- Swedish schools to erase ancient history from history class
Due to lack of lesson time, the Board of Education now suggests that the History subject must be radically changed.
At the upper grades 7-9, where pupils are 13-15 years old, there will no longer be any history taught dated older than the year 1700. All studying of the democratic cradle in ancient Greece, Rome, or The Swedish Great Power era (1611-1718) when Sweden ruled the countries surrounding the Baltic Sea, will be erased from history class.
Pupils in the upper grades must focus more on the 19th century, with particular focus on the Holocaust, the cold war and the ideas that have formed Sweden during the post-war era. This includes raising awareness about gender issues, migration, and racism. There will, however, be time enough to cover Western slavery and colonialism during the 18th century and onward.
- Why Western Elites Should Stop Lecturing Hungary
Radio Free Europe plans to return to Hungary — a quarter-century after the US-government broadcaster left the small Central European country following the end of the Cold War. As The New York Times reported last month, the move “is likely to be taken as something of an affront to the current government.”
No kidding. The Times article ran under the grave headline: “Radio Free Europe Is Poised to Return to a Less Free Hungary,” and it gravely noted that the proposal “reflects Hungary’s drift away from a free and open government and is a blow” to Team Trump’s outreach to Budapest.
The liberal foreign-policy establishment frets that Hungary has drifted away from the community of democracies under Prime Minister Viktor Orbán. But Orbán is, in fact, wildly popular. What Washington’s “defend-democracy” types really fear is that Hungary has become less liberal — not less democratic.
Which is why they want to spend your tax dollars to persuade errant Hungarians to vote better (though they would never put it so bluntly).
Neither the insult nor the ham-fisted nature of the outreach has escaped the Hungarians. “It is heavily unfair to say there is no freedom in Hungary,” Foreign Minister Péter Szijjártó told me in an interview at the Hungarian consulate last week. “Radio Free Europe gets it wrong if they think Hungarians will give their outlet a positive reception.”
- “Oikophobia”: Our Western Self-Hatred
[…]This exchange was similar to many that I have had in countries all around the Western world. They reveal a civilization that has stopped believing in itself, that hates itself, and that is, therefore, unwilling to defend the values of individual freedom, democracy, and scientific and scholarly skepticism that have been handed down to us since antiquity. We are all familiar with this phenomenon, and every single day brings news stories in which oikophobia is involved. To mention just a couple among literally thousands of clearly oikophobic incidents of recent times: this past July the San Francisco School Board voted to remove a mural of George Washington from one of its public schools because of its purported racism; the group leader of American volunteer teachers in Africa some years ago informed the volunteers that residing in a foreign culture had taught her that the United States deserved the 9/11 terrorist attacks because of U.S. foreign policy (I know this because I was one of the volunteers). Actions and statements of this kind have become perfectly commonplace by now, and we all know about them, but most people cannot explain why things are this way. How can it have come to such cultural self-hatred? The answer lies in an oft-repeated historical process that takes a society from naïve and self-promoting beginnings to self-contempt and decline. […]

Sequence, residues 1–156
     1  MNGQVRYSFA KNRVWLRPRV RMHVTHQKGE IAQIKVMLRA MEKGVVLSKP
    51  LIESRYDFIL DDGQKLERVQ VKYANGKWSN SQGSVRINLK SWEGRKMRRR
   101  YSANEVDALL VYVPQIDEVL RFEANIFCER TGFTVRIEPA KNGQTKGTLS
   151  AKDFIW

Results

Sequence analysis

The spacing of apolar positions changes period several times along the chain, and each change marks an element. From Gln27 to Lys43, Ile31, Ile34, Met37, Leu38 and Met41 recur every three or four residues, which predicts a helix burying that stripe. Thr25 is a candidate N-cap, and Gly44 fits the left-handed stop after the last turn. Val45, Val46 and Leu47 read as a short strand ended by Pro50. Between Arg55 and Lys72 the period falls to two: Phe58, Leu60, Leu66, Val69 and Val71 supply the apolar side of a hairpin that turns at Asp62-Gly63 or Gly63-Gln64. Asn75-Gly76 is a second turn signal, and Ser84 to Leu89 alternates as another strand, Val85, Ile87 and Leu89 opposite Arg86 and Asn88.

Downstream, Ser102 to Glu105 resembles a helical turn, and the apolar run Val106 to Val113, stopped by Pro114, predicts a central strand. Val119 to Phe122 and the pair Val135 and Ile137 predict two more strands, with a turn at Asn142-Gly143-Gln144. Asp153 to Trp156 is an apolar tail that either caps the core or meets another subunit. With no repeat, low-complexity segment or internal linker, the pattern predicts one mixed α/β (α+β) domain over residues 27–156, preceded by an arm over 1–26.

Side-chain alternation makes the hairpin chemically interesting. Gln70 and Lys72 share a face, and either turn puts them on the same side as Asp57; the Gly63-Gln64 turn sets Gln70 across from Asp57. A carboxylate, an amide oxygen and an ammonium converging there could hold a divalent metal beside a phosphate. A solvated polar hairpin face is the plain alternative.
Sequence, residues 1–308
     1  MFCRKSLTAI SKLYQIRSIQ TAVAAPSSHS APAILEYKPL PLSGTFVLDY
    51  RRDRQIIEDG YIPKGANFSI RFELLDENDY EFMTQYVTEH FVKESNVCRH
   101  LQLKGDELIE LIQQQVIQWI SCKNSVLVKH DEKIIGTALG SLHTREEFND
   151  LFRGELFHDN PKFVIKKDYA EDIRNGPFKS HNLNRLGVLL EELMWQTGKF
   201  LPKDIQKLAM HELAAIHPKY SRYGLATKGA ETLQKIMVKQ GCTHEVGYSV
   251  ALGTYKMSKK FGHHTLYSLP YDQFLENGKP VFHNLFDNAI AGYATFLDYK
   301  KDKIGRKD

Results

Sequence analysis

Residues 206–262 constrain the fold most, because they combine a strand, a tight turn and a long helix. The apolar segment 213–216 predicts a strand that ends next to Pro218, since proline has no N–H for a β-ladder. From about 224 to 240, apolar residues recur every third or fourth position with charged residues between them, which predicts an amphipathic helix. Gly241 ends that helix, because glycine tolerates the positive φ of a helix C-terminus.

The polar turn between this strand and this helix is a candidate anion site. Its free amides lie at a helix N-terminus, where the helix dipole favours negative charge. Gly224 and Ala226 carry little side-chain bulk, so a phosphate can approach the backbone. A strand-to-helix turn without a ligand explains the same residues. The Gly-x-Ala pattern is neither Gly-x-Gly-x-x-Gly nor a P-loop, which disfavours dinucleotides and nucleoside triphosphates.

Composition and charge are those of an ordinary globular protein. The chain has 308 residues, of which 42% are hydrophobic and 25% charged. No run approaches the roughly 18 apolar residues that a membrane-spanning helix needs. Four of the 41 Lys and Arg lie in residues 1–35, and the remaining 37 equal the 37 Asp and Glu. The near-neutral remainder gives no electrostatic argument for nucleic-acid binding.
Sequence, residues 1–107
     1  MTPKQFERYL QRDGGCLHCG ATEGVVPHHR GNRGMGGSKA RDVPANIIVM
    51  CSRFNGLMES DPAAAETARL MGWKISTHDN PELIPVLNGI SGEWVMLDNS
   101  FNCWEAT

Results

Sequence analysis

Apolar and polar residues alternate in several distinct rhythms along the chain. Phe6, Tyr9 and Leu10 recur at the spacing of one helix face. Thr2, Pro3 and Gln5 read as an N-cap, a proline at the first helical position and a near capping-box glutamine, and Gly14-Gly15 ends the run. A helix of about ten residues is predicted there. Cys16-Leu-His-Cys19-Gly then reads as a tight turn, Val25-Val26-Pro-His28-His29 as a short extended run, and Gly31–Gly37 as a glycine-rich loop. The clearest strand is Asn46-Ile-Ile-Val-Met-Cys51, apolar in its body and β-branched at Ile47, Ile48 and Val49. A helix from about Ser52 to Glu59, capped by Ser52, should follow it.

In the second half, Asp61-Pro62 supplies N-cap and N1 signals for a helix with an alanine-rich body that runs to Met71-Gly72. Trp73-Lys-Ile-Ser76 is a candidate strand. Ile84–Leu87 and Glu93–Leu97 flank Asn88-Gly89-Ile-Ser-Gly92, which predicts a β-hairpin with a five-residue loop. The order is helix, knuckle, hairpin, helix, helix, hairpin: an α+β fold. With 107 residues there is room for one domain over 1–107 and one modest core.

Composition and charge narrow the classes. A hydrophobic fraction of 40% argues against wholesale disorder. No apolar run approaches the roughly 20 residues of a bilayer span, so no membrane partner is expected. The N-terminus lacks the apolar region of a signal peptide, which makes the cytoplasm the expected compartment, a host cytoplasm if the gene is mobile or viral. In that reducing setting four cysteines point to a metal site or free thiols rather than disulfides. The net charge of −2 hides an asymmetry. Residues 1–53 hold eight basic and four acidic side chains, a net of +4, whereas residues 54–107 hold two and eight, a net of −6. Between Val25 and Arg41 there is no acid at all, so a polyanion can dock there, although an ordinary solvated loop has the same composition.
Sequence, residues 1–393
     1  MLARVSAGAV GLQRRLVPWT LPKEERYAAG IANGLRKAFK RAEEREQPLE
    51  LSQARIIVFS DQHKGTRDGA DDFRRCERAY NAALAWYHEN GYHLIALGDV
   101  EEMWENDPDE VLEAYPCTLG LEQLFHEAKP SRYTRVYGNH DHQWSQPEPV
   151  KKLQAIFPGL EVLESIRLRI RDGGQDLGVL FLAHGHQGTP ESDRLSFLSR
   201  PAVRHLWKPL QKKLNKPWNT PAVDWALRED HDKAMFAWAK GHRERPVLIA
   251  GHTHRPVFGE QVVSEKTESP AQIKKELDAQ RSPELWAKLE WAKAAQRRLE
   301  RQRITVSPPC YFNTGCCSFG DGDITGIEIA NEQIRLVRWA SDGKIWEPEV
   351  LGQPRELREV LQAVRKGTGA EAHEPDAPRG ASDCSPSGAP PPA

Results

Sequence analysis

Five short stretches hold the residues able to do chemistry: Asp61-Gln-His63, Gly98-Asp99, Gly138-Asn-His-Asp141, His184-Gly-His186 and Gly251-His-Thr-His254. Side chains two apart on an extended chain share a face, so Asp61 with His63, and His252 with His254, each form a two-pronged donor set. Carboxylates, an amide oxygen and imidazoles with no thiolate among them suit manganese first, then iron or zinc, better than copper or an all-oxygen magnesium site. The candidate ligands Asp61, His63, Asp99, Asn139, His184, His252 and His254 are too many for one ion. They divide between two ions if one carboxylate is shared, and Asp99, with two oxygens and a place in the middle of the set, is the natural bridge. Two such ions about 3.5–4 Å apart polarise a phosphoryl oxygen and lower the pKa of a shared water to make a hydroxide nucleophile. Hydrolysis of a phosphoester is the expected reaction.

This is where oikophobia sets in. Diverse interests have created that view each other as greater enemies than they do foreign threats. Since the common civilizational enemy has been successfully repulsed, it can no longer serve as an effective target for and outlet of people’s sense of superiority, and human psychology generally requires an adversary for the purpose of self-identification, and so a new adversary is crafted: other people in the same civilization. Since this condition of leisure and empowerment, as well as a perception of external threats as non-existential, are the results of a society’s success, success is, ironically, a prerequisite for a society’s self-hatred. What Freud has called the “narcissism of small differences” (in Civilization and Its Discontents)—the urge to compete against others even through minor distinctions like a virtuous action or the newest gadget—becomes one motivation through which a particular interest expresses its superiority over others.
This “domestic” competition means that by rejecting one’s culture as backward, one automatically sets oneself above all the other interests that are parts of that culture. Earlier in the civilizational development, the cooperation of a larger proportion of the people is essential for survival at a time when the state is poorer and individuals more reliant on one another for basic security. But once the society has taken off and become affluent, there is greater opportunity to excel and more room, therefore, for people to start criticizing their own culture in an effort to get ahead personally. People are always self-interested, of course, but the gulf between immediate self-interest and the interest of the state is smaller when the state itself is smaller and weaker.